by Tunku ‘Abidin Muhriz. First published by the Malay Mail 1 November 2013

It is gratifying when one’s country does well in respected international rankings. It provides an opportunity to let out one’s patriotism a little bit, or “my country is better than yours!” This week Malaysia ranked an impressive sixth out of 189 economies in the latest World Bank Doing Business Report.

The overall ranking takes ten topics into consideration, and Malaysia’s rankings for each are as follows: starting a business (16), dealing with construction permits (43), getting electricity (21), registering property (35), getting credit (joint first with the UK), protecting investors (4), paying taxes (36), trading across borders (5), enforcing contracts (30) and resolving insolvency (42). Unsurprisingly the official line is that government policies made this possible, with the Special Task Force to Facilitate Business (PEMUDAH) taking particular praise.

Amongst opposition chatter there was much incredulity: indeed, a grand canyon of perception between the rankings and what they believe to be a state of endemic corruption and cronyism. As with the publication of any international ranking, some of those who are dissatisfied will criticise its methodology. But credit should be given where it is due.

This is all rather good timing for the Prime Minister, amidst ongoing debates on the 2014 Budget tabled last week, because it buttresses the argument that economic liberalisation measures are working. I had written in conditional support of the goods and services tax (GST) before, and while many essential items will be rightfully exempt from the tax, there could have been further lowering and simplification of other taxes at the same time, and more to combat wastage through corruption and inefficiency – measures which would better benefit people on lower incomes than another dose of BR1M.

Much of the wastage stems of course from the sheer size of government to begin with, with Malaysia having more ministries per person than most other parliamentary democracies, and of top of that we have an ever-expanding Prime Minister’s Department, which is this time the fourth largest ministry in terms of spending. I have pointed out how many of its functions duplicate (or contradict) those of other ministries, and it is all to do with politics. The cabinet needs to be sufficiently large so that component parties and geographical areas can be given ministerial positions, and once appointed, each minister expects to hire their own reliable cabals of special officers who complement (or conflict with) the traditional civil service machinery. This is not what cabinet government is supposed to look like.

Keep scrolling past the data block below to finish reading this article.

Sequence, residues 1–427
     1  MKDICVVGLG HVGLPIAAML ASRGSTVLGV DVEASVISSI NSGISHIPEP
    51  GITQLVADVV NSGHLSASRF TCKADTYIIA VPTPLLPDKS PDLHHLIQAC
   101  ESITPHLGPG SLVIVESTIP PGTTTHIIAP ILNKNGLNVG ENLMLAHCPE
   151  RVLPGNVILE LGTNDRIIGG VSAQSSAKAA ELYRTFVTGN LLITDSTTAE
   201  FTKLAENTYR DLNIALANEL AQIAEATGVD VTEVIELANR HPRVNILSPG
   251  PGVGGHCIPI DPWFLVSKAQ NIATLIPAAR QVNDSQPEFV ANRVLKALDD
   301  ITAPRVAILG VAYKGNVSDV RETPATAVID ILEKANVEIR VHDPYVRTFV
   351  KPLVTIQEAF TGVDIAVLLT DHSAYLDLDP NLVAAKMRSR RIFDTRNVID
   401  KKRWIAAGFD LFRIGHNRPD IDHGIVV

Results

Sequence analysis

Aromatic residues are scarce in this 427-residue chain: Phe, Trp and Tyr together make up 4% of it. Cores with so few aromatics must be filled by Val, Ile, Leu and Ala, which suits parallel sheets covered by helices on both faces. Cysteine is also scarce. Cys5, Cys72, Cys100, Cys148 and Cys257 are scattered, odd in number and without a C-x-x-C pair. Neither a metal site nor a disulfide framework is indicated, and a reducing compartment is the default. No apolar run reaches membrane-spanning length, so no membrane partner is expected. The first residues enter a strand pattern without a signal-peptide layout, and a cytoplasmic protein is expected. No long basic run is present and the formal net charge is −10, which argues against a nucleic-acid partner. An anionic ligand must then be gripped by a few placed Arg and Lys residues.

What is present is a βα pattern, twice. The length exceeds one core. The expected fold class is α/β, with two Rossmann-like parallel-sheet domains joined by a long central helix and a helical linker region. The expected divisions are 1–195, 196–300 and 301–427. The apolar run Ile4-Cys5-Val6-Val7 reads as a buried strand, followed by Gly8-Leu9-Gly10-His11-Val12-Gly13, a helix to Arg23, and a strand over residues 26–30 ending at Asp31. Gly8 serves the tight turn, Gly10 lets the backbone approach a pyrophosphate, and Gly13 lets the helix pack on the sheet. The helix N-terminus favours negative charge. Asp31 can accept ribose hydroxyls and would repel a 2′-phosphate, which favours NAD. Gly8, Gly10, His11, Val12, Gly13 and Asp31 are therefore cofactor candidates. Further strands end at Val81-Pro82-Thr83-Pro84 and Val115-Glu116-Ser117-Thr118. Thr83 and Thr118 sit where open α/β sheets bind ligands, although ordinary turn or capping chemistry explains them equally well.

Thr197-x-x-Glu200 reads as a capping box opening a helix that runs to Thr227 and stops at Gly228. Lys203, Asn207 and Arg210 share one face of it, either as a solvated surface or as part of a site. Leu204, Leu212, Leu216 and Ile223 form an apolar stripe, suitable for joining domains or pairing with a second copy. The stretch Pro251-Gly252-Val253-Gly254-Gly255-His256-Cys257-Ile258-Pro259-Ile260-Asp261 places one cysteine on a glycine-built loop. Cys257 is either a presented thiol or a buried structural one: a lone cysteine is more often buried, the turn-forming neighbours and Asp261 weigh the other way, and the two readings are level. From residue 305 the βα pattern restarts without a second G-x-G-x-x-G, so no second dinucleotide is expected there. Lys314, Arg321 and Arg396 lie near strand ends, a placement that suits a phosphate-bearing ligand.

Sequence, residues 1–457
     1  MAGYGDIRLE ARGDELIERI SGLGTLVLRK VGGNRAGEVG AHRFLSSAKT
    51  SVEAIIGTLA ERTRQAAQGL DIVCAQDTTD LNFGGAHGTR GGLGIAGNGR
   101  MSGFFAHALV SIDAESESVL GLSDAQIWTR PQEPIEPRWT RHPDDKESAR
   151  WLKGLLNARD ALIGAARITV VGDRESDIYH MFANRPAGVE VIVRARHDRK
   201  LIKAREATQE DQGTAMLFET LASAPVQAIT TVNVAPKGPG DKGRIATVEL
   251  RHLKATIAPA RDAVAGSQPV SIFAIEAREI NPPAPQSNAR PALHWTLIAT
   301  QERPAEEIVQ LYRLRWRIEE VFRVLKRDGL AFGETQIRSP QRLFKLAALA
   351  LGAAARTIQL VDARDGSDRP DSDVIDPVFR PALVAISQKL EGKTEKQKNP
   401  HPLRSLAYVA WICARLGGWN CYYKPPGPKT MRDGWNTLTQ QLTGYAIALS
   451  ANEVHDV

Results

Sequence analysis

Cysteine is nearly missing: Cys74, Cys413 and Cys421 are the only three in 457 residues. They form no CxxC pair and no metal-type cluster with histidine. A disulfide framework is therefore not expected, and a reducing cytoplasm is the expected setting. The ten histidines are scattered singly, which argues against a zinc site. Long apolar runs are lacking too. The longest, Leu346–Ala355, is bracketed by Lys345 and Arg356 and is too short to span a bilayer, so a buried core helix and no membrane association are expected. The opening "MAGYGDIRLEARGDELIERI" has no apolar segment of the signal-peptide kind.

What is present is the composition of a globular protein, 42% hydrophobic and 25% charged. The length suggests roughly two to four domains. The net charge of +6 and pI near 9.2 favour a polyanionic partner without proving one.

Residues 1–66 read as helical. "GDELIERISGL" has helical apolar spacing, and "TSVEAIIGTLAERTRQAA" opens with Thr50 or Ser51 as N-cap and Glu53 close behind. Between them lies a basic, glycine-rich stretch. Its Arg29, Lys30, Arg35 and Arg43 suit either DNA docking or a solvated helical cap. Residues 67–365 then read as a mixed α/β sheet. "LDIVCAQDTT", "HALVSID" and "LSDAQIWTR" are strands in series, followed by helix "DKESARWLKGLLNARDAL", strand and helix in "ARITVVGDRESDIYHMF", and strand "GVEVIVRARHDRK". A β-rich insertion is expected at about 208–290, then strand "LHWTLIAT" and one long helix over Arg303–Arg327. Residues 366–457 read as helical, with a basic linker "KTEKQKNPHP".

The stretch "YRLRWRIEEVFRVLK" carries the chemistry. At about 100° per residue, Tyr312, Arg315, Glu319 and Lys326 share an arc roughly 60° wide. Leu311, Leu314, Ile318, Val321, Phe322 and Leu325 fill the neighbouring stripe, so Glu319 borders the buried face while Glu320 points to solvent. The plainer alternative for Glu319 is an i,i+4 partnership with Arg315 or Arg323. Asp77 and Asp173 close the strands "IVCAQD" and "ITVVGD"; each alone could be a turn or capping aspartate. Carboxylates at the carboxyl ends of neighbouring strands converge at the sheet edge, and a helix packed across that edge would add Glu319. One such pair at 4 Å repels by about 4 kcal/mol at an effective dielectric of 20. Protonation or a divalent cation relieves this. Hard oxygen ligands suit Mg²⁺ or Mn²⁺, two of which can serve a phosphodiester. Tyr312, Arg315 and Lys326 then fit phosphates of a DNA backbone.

But perhaps even more essentially, we have to consider that for all the talk about the priority being the reduction of the fiscal deficit, we must look at the government’s track record, which we know is rife with overspending thanks to the good work of the Auditor General. And so we go back to the notion that more budget transparency and stronger anti-corruption measures are needed. Amongst the reforms that could significantly contribute to cutting the overspending, I would suggest giving the Malaysian Anti-Corruption Commission powers of prosecution, which Putrajaya has been resisting for some time now.

Still, at this stage many Malaysians will find the removal of the sugar subsidy to be of greater concern than any of the above, given how much of it we as a nation consume. I certainly approve of this measure – not so much because I am worried about my health and libido (there are superior ways to improve those), and not because I have largely lost my sweet tooth (even ‘kurang manis’ is these days always too sweet for me) – but because it signals a shift towards letting market forces dictate the price of goods, which is fairer to producers, consumers and taxpayers in the long run.

However, the removal of the subsidy is just one part of the equation in ending distortions in the market. As veteran backbencher Tan Sri Shahrir Samad pointed out, sugar monopolies should be ended too, so that competition between sugar producers and importers will drive down prices. There will also be more appreciation for the different types of sugar – I challenge anyone to find a more delectable, subtle sweetness than that of gulo onau from Kuala Pilah.

Oh, how I miss it. In the USA, distortions caused by import tariffs on sugar together with farm subsidies have caused the omnipresence of a disgusting concoction called high fructose corn syrup (HFCS), used to sweeten nearly everything. After a two-hour hike down the Grand Canyon, I reached for what looked like an irresistible bottle of chilled ice tea, only to find HFCS as one of the main ingredients, and I instead submitted to the awesome natural power of water that Arizona’s Natural Wonder of the World so clearly demonstrated.

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Tunku ’Abidin Muhriz is Founding President of IDEAS

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